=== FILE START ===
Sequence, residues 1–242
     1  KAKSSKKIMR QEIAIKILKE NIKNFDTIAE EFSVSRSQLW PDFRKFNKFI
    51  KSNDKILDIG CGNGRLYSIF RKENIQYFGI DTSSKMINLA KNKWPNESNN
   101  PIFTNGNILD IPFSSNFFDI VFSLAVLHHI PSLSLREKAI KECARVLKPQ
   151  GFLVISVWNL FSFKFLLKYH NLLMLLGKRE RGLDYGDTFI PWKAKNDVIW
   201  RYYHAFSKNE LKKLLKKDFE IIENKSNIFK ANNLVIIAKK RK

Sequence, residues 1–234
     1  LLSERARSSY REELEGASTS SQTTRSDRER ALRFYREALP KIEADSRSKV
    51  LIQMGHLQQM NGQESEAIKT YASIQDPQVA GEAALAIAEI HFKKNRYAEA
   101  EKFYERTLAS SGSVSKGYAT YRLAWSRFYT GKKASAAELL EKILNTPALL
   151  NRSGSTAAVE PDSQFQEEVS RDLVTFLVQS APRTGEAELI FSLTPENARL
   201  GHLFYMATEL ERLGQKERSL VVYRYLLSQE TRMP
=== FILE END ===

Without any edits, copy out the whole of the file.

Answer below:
Sequence, residues 1–242
     1  KAKSSKKIMR QEIAIKILKE NIKNFDTIAE EFSVSRSQLW PDFRKFNKFI
    51  KSNDKILDIG CGNGRLYSIF RKENIQYFGI DTSSKMINLA KNKWPNESNN
   101  PIFTNGNILD IPFSSNFFDI VFSLAVLHHI PSLSLREKAI KECARVLKPQ
   151  GFLVISVWNL FSFKFLLKYH NLLMLLGKRE RGLDYGDTFI PWKAKNDVIW
   201  RYYHAFSKNE LKKLLKKDFE IIENKSNIFK ANNLVIIAKK RK

Sequence, residues 1–234
     1  LLSERARSSY REELEGASTS SQTTRSDRER ALRFYREALP KIEADSRSKV
    51  LIQMGHLQQM NGQESEAIKT YASIQDPQVA GEAALAIAEI HFKKNRYAEA
   101  EKFYERTLAS SGSVSKGYAT YRLAWSRFYT GKKASAAELL EKILNTPALL
   151  NRSGSTAAVE PDSQFQEEVS RDLVTFLVQS APRTGEAELI FSLTPENARL
   201  GHLFYMATEL ERLGQKERSL VVYRYLLSQE TRMP